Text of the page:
Edited from AP — It was what President Barack Obama called a “war of necessity,” a conflict thrust upon America by the 9/11 attacks. As NATO’s mission here winds down nearly 11 years later, the insurgents remain undefeated, corruption runs rife and the peace process is stuck in the sand.

Edited from AP — It was what President Barack Obama called a “war of necessity,” a conflict thrust upon America by the 9/11 attacks. As NATO’s mission here winds down nearly 11 years later, the insurgents remain undefeated, corruption runs rife and the peace process is stuck in the sand.

Such is the bleak reality of Afghanistan as Obama and leaders of about 60 countries and organizations meet Sunday and Monday in Chicago to map their way out of an unpopular war. The goal is to develop a strategy that does not risk a repeat of the chaos that followed the Soviet exit two decades ago, which paved the way for the rise of al-Qaida.

With none of the NATO countries having the stomach to pursue the war much longer, the only viable option is to leave behind an Afghan army and police force capable of defending the country against the Taliban and its allies after the NATO combat mission is declared over at the end of 2014 and most of the coalition troops leave.

“Our security forces last year cost $6 billion while our national revenue was $1.7 billion,” said Ashraf Ghani, head of a commission overseeing the process of passing the baton to the Afghan forces. “Investment in our security forces is part of an investment in international security.”

Support for the war has eroded in Europe and hit a new low in America. Only 27 percent of Americans say they back the effort while 66 percent oppose the war, according to an AP-GfK poll released earlier this month.

“This is not a charity that we are receiving,” said Jawed Ludin, deputy foreign minister of Afghanistan. “Afghanistan is and will be on the front line of the world’s fight against terrorism. We Afghans will be making sacrifices for years to come in what is essentially an international war.”

He cautioned donors against trying to place conditions on the pledges. Making development and reconstruction aid conditional on the government’s ability to fight corruption, for instance, might be acceptable, but not so with money to finance the security forces, Ludin said.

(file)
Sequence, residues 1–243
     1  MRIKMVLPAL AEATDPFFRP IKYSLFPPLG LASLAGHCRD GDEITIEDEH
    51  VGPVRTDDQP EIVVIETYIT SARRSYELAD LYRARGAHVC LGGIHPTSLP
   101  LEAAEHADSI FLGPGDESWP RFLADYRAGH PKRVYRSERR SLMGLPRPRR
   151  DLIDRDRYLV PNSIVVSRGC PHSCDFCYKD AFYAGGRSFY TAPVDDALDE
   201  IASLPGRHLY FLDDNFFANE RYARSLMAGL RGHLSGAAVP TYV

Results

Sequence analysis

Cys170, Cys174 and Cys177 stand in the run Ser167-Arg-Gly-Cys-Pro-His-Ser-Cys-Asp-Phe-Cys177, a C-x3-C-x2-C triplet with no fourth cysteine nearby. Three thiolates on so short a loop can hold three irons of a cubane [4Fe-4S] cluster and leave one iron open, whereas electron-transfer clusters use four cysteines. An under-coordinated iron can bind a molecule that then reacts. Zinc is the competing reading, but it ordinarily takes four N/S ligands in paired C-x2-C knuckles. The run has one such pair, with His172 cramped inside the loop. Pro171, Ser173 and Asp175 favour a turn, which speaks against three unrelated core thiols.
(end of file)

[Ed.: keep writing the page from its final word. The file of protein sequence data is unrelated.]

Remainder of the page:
Foreign troops have begun their exodus — 33,000 Americans alone, or about one-third of the current U.S. force in Afghanistan, will be gone by the end of September. After most of the 130,000 international troops withdraw by the end of 2014, many Afghans fear their country will descend into civil war.

The Taliban continue to carry out spectacular suicide bombings and assassinate government workers and officials. A top member of the Afghan peace council was gunned down this month in the heavily guarded capital, Kabul, dealing another setback to the stalled effort to make peace with militants. In September, the head of the peace council was assassinated in his home by a suicide bomber posing as a peace emissary from the Taliban.

“The Taliban are trying to come back as rulers. I don’t think that they want anything less than that,” said Ismail Qasemyar, a member of the government-appointed peace council. “If there is no compromise or softening of their position, I think it will be very difficult to reach any agreement.”

The Taliban pick up support among Afghans fed up with rampant corruption and the need to pay a bribe for a simple service. Government dysfunction leaves other Afghans demoralized and looking for a way out.

More Afghans fled the country and sought asylum abroad last year than in any other year since the start of the war, suggesting that many are looking for their own exit strategies as international troops withdraw. From January to November, more than 30,000 Afghans applied for political asylum worldwide, a 25 percent increase over the same period the previous year and more than triple the level of just four years ago, according to U.N. statistics.

Although Afghans fear the worst after the international forces leave, the continued presence of foreign troops is also sapping morale among many Afghans.

“Listen to what the Afghans say,” says NATO spokesman German Brig. Gen. Carsten Jacobson. “There is a hunger for sovereignty.”

There is some progress to report in Afghanistan.

Afghans have gained greater access to education and health care. More highways are being built, though most of Kabul’s streets are unpaved and deeply rutted.

Afghan police and soldiers have started taking charge of security in wide swaths of the country, though so far no area has fully transitioned to sole Afghan control.

“This isn’t a sprint,” said Brig. Gen. Richard Cripwell, who works on transition at the coalition’s headquarters in Kabul. “We are absolutely on track to meet the goals of the Afghan national security forces being responsible for security across the country by the end of 2014.”

The force is still plagued with graft and desertion, and many recruits can neither read nor write. Some Afghan forces have been accused of making side deals with the Taliban, yet many others have exhibited a sense of national pride and fearlessness in battle.

NATO is training a 352,000-member force, but the size is to shrink to about 230,000 sometime after 2015. The $4.1 billion a year will pay for the smaller force.

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